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Why over 1,000 people are competing to go to Mars – and not come back

Mars One, the Dutch nonprofit planning to put a human colony on Mars in 2025, has whittled its applicant pool to about 1,000 people hoping to give up their Earthling-status, for good. 

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Will a Dutch nonprofit put Earthlings on Mars?

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Mars One, the Dutch nonprofit planning to put a human colony on Mars in 2025, announced on Monday that it has whittled its applicant pool to about 1,000 applicants to be among the first astronauts to trade in their Earth citizenship for a – permanent – Martian residence.

The 1,058 Martian hopefuls, selected from about 200,000 original applicants, will go through several more application rounds before Mars One will select just 24 people for what is to the applicants the ultimate prize but is for others a nightmare of cosmic proportions: the chance to go live on Mars, with absolutely no chance of ever coming home.

“For people who don’t want to go to Mars, it’s almost unimaginable to them why anyone would want to go to Mars,” says Bas Lansdorp, co-founder and CEO of Mars One.  “For people that do want to go to Mars, they can’t imagine that anyone wouldn’t be interested in going to Mars.”

“These people will never understand each other,” he says.

But Mr. Lansdorp is counting on the non-Mars-goers at least wanting to watch the Mars enthusiasts get to the Red Planet.

Mars One’s grand mission, which the nonprofit expects to cost about $6 billion, is expected to be financed in part from the sale of the broadcasting rights to air the foundation’s process: the future selection rounds, the hoped-for triumphant launch to Mars, and the probably dramatic saga of setting up home on the Red Planet. The idea is that Mars One’s venture, broadcast around the world, will be “everybody’s mission to Mars,” says Lansdorp.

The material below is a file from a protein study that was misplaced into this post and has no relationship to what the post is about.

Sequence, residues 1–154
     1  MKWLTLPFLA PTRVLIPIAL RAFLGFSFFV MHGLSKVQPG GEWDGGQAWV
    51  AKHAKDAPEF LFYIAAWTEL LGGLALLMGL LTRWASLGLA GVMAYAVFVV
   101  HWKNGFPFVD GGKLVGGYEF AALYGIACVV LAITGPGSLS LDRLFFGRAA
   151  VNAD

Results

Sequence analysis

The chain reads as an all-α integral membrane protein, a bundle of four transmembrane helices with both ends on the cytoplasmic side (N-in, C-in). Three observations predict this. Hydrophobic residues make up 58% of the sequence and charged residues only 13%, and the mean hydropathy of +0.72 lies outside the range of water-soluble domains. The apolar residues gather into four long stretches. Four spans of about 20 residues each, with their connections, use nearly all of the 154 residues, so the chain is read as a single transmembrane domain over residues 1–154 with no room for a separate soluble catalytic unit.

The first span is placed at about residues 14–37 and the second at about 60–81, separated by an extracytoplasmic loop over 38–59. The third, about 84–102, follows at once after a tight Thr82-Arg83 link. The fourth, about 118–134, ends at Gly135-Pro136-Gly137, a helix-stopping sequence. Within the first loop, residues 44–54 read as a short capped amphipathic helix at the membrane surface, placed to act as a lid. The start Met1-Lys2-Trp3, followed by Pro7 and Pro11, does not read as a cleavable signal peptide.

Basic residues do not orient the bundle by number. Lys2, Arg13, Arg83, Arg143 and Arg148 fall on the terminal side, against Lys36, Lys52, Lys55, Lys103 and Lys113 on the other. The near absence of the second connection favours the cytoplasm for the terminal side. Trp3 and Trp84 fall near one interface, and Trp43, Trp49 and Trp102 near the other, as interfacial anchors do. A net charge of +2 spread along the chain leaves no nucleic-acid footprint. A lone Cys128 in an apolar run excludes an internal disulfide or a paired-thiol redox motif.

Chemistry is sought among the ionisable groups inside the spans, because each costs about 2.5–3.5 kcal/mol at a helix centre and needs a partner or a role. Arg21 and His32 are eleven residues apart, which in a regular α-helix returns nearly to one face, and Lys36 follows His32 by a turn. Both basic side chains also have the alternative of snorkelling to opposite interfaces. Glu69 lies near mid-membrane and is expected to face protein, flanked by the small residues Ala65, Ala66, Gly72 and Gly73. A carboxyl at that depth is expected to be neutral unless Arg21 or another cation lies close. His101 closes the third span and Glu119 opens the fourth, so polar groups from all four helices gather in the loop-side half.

At the moment, Mars One has offers from “two major TV studios” to buy those rights, he says, adding that the details of the coming selection rounds will be released after a contract is signed. Since it will take more than just television dollars to get the still sci-fi colony off the ground, Mars One is also in talks with a “major investment firm” and several corporations, Lansdorp says.

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As Mars One’s funding scheme in large part depends on audiences and television ratings, its business model has often been called reality show-like in style. In the first application round over the summer, which drew 202,586 would-be Martians, some applicants had billed themselves as proverbial Adam and Eves, prepared to inaugurate a new human civilization, albeit in a thoroughly un-Eden-like world. Others, perhaps in the mocking gesture, or maybe in an attempt to appeal to reality show casting mentalities, made their pitches in nude videos.

But Mars One is less interested in reality show contestants than astronauts with the watchable-ness factor of Olympic athletes, says Lansdorp, who points to broadcasters’ revenue from televising the Olympic games as evidence for the feasibility of his business plan.